The new roundabout illumination and single-lane signing/pavement marking policies are effective immediately and can be found on the ministry’s Traffic Office site. These policies will be available on MTO’s public website in the near future.
Roundabout Documents available to the Public:
Highway 33 Roundabouthttp://www.mto.gov.on.ca/english/engineering/roundabout/index.shtml
Highway 33 / County Road 1 - Roundabout A User Guidehttp://www.mto.gov.on.ca/english/engineering/roundabout/round-about-brochure.pdf
MTO Intranet (For staff only)
Traffic Office - Policies/Guidelines
Roundabout Lighting Policy Finalhttp://portal.mto.ad.gov.on.ca/sites/MTO/PHM/HSB/Traffic/Policies/Roundabout Lighting Policy Final.pdf
There are many existing urban stormwater management technologies which stabilize and filter out contaminants, but often these do not meet the provincial water quality guidelines. With proper design, compost biofilters, when used alone, or in combination with other stormwater management systems, are a cost effective treatment that will continue to improve runoff water quality.
Box girder showing shear studs on the inside of the bottom flange.
Installing the Heart Lake Road Underpass semi-continuous box girders, span by span.
A new underpass opened in Brampton in July, 2009, and is the first bridge of its kind built by the Ministry of Transportation (MTO). The Heart Lake Road Underpass is a semi-continuous steel box girder bridge constructed as part of the recent northern extension of Highway 410.
In preliminary design, the Heart Lake Road Underpass was a three span, pre-cast, pre-stressed, concrete (CPCI) girder bridge, with spans of 23.5m, 17.5m and 31.8m; with the third span accommodating the Mayfield Road off-ramp. The bridge was also designed with fully-integral joints replacing traditional deck expansion joints. (See the inset explaining multi-span deck expansion joints.) By the start of detailed design, the bridge was adjusted to a two-span steel box girder design with spans of 41.0m and 31.8m.
However, during detailed design, the off-ramp to Mayfield Road was realigned, resulting in reduced span lengths of 32 m each. For these spans, a box girder superstructure became uneconomical and could not be justified compared to other alternatives.
Rather than a complete redesign as a CPCI superstructure, regional structural engineers proposed modifying the design from a steel box girder to semi-continuous design. While new to MTO, US DOTs have experienced some cost savings with semi-continuous designs over conventional steel girder construction because:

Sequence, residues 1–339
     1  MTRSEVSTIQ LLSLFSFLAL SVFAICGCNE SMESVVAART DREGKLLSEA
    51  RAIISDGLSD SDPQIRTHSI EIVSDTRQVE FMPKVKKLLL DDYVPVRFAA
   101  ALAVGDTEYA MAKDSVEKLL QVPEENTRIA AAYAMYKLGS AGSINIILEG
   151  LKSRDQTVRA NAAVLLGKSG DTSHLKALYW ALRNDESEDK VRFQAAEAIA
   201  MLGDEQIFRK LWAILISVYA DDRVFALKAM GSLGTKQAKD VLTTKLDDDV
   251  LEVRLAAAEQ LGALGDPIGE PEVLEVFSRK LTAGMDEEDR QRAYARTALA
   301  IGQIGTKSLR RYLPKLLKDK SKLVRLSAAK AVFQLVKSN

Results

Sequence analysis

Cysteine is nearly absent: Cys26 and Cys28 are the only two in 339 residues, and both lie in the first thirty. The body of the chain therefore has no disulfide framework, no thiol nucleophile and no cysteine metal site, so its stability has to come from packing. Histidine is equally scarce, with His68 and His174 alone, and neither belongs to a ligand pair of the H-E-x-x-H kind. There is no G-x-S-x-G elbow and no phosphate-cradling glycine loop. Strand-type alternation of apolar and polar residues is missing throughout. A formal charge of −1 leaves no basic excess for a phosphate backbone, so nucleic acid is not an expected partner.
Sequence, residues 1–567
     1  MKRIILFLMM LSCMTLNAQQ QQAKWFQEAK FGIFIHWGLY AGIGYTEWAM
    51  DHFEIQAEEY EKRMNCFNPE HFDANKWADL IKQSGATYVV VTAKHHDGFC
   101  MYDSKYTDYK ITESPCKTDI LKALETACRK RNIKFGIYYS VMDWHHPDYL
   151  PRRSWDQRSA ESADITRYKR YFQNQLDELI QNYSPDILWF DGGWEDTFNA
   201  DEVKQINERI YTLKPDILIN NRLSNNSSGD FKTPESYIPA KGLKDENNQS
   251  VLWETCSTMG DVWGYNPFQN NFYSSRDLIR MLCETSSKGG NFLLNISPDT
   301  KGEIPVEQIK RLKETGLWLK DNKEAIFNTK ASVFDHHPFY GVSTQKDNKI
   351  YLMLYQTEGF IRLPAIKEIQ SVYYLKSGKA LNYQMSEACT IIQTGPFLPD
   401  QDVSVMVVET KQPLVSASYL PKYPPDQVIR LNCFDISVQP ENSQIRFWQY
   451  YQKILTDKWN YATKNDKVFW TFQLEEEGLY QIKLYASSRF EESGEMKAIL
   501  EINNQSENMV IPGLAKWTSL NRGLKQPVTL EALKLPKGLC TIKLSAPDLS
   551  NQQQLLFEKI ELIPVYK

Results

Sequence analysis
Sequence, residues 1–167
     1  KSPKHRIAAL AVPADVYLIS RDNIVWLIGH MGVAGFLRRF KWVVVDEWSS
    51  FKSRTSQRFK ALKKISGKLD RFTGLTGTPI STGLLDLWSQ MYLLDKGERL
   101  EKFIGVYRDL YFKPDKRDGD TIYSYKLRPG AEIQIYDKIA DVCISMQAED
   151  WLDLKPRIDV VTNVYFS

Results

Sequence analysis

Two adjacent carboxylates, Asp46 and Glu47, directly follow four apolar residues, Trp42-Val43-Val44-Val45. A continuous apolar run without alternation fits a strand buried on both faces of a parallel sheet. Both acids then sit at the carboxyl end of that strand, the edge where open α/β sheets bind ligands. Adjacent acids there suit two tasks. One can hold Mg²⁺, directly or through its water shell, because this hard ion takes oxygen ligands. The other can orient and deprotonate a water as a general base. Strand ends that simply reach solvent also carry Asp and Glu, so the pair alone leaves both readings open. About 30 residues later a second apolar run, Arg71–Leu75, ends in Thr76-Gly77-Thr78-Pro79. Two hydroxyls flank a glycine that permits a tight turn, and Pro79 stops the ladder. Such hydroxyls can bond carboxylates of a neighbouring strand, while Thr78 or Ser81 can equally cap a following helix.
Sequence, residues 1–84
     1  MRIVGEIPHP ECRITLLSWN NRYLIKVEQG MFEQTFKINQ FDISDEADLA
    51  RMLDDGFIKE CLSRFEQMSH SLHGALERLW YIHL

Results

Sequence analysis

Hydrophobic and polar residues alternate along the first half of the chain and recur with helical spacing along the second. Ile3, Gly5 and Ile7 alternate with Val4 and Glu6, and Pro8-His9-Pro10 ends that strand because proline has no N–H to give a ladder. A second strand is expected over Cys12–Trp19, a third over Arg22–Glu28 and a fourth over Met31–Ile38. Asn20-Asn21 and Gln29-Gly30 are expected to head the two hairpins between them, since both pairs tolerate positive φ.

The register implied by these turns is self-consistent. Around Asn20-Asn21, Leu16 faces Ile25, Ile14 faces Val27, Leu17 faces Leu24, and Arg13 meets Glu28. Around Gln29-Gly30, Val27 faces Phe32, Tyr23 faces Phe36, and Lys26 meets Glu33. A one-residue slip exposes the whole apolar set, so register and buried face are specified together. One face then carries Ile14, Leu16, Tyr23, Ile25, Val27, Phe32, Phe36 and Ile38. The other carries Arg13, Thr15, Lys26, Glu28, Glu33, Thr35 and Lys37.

Together with industry partners, MTO has developed a uniform set of principles that will guide specification development in each material area. These principles are:
In contrast, a semi-continuous steel girder avoids most of these costs and only requires a little more positive (midspan) moment capacity. Since the box girders have a wide bottom flange, the expense is minimal. The cast-in-place concrete diaphragm provides continuity for superimposed live load.
In an attempt to further reduce structural steel fabrication costs, the steel stiffeners for the box girder bottom flanges that are typically hand-welded were replaced with a 150 mm thick cast-in-place concrete fill which was secured to the inside of the bottom flange with shear studs.
Ultimately, the Highway 410-Heart Lake Road Underpass was constructed as a two-span, semi-continuous steel box girder bridge with cast-in-place concrete deck and integral pier diaphragm. The deck cross-section carries two lanes of traffic on Heart Lake Road yet the substructure has capacity for four. The bridge has been constructed with atmospheric corrosion resistant (or weathering) steel.
Due to the success of this new design, the Ministry has an alternative to the typical CPCI girder bridges, particularly where transportation of the long span girders (greater than 45m) can be problematic.
In addition, the semi-continuous steel box design has potential to be part of a rapid bridge construction project. By placing the concrete deck on one or more boxes in a staging area; the entire assembly could be lifted into position, followed by cast-in-place concrete for the longitudinal closure strips between assemblies, and the end diaphragms at the piers.